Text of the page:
Reason For Not Eating Out #48: To Eat With Purpose Every Time

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Last week, I listened to a radio program about the need for more grocery stores in rural food deserts, as they are known. This, which occurs in dense inner-cities as well, can lead to a health crisis when the only food options are unhealthy restaurant meals or junk food. I’ve written before about this lack of “real” food, as many advocates are wont to describe fresh, organic, and unprocessed food such as from a farmers’ market. Yet these terms can be slippery in a climate in which the tomato paste in ketchup or pizza is deemed a serving of vegetables in school lunch. There is another way of looking at the broad discrepancies in food options today in order to fight the injustices. And it’s something that we all can benefit from every day. Perhaps it’s not so much about identifying what’s “real” or “fresh” food, but food that serves more purpose.

An oft-heard joke goes, “When is a door not a door?” The answer: “When it’s ajar.” The joke works because the word “ajar” sounds just like the speaker is enunciating “a jar,” which is of course a completely different object than a door.

Likewise, we can encounter foods that may sound like, look like, and even taste like, say, juice. But it is instead water and high-fructose corn syrup with food coloring. The food may not supply sufficient Vitamin C, and its additives may even induce undesirable effects, but it satisfies the illusion of juice, and that is its primary purpose. We clearly don’t need more illusions in both food deserts as well as areas of plenty. What we need to come back to is a sense that food does serve a purpose, and to fashion our intake towards those we need most at any given time.

When is a soup not a soup, in my humble opinion? I would say when it’s made with dehydrated crystals of vegetable, meat, and monosodium glutimate, in a packet or bouillion cube. This weakens the resulting soup to a mere substitute for the healthful tonic it can very well be. A soup is especially good for healing, since the hot, liquid nature makes for ready absorption of vitamins and minerals. That is, if there is ample nutrition to be found. Probably, it’s made with the powdered stuff instead of steeping whole foods in broth because it’s lighter, non-perishable, and easier to ship. Is this a purpose you’d like to support most when having some soup?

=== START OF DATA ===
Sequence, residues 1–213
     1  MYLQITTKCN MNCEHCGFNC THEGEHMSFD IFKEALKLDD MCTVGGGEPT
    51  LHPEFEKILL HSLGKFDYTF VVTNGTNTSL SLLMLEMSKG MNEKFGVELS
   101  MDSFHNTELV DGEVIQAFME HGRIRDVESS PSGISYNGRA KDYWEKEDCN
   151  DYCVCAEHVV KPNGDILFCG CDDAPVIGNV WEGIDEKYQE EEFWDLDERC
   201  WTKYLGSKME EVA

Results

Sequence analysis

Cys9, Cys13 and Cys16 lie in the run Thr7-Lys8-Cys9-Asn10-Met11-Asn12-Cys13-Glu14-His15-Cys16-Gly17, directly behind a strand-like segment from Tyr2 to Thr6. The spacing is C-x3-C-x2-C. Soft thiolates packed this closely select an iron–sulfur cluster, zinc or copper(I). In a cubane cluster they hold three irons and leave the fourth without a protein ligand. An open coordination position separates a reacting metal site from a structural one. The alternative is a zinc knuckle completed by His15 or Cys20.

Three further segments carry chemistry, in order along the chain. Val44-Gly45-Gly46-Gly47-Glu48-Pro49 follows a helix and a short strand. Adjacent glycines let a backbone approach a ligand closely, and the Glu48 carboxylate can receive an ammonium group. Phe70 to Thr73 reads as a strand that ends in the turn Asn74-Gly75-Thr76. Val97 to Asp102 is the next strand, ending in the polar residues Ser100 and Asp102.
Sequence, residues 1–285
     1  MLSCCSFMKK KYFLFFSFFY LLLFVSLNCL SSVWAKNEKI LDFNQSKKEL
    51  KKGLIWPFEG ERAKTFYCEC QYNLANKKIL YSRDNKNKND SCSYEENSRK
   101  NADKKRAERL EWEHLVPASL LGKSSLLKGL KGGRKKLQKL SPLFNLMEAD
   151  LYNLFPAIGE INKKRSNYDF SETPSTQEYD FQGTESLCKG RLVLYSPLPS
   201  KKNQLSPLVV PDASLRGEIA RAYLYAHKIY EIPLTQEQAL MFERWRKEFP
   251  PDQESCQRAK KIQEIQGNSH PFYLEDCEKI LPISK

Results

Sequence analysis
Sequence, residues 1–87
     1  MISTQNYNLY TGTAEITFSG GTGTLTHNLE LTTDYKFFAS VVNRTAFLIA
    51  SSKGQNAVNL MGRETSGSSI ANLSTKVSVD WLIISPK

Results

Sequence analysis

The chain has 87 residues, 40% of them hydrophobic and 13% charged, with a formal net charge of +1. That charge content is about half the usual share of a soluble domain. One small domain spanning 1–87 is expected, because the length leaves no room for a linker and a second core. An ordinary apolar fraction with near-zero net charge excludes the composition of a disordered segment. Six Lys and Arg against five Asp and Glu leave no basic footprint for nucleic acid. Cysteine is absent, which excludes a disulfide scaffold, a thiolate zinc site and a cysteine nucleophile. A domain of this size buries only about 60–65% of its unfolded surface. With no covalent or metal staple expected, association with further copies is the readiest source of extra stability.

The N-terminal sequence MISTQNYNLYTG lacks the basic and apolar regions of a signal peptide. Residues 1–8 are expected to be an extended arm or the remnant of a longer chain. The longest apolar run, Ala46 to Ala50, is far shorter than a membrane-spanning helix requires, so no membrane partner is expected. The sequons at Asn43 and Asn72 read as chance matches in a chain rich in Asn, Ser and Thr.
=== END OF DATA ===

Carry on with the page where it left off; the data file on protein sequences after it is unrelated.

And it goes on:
Next time you sit down to eat, ask yourself, what is the primary purpose for which this food was prepared? Was it to delight and entertain the palate? Was it to quickly stave off hunger, like a peanut butter and jelly slapped together before running out the door? Or was it to turn a quick profit at the consumer’s expense? The answer has much to do with who was responsible for creating that food. If it was you, then you are in better control of making your meal purposeful. And most likely, you will.

At restaurants we see food that serves many purposes, but mostly they fall within the category of entertainment. They delight your palate; they look beautiful; they break creative boundaries; or they provoke wonder, as an intricately wrought plate of “modernist” cuisine might. If you go to a soup kitchen, of which there are many in New York, you’ll see that the purpose of food there is very different. It’s to feed and nourish, first and foremost. That alone is probably entertainment enough if you’re in line. Let’s take a moment, too, to consider that the purposes of entertainment can change over the years and be fickle; lobsters were once reserved for unhappy prisoners and indentured servants in Colonial New England, provoking a “lobster rebellion.” Nowadays, the creature is destined for indulging only those who can afford on a tasty meal. In other parts of the world, offal are delicacies, while in some, they’re waste; purslane can grow wild and unnoticed on piles of compost, or be consumed as a trendy salad green. However, some purposes are more lasting no matter what the fashion may be. These, like providing omega-3 fatty acids to protect against heart disease which lobster and most seafood does, serve a greater purpose.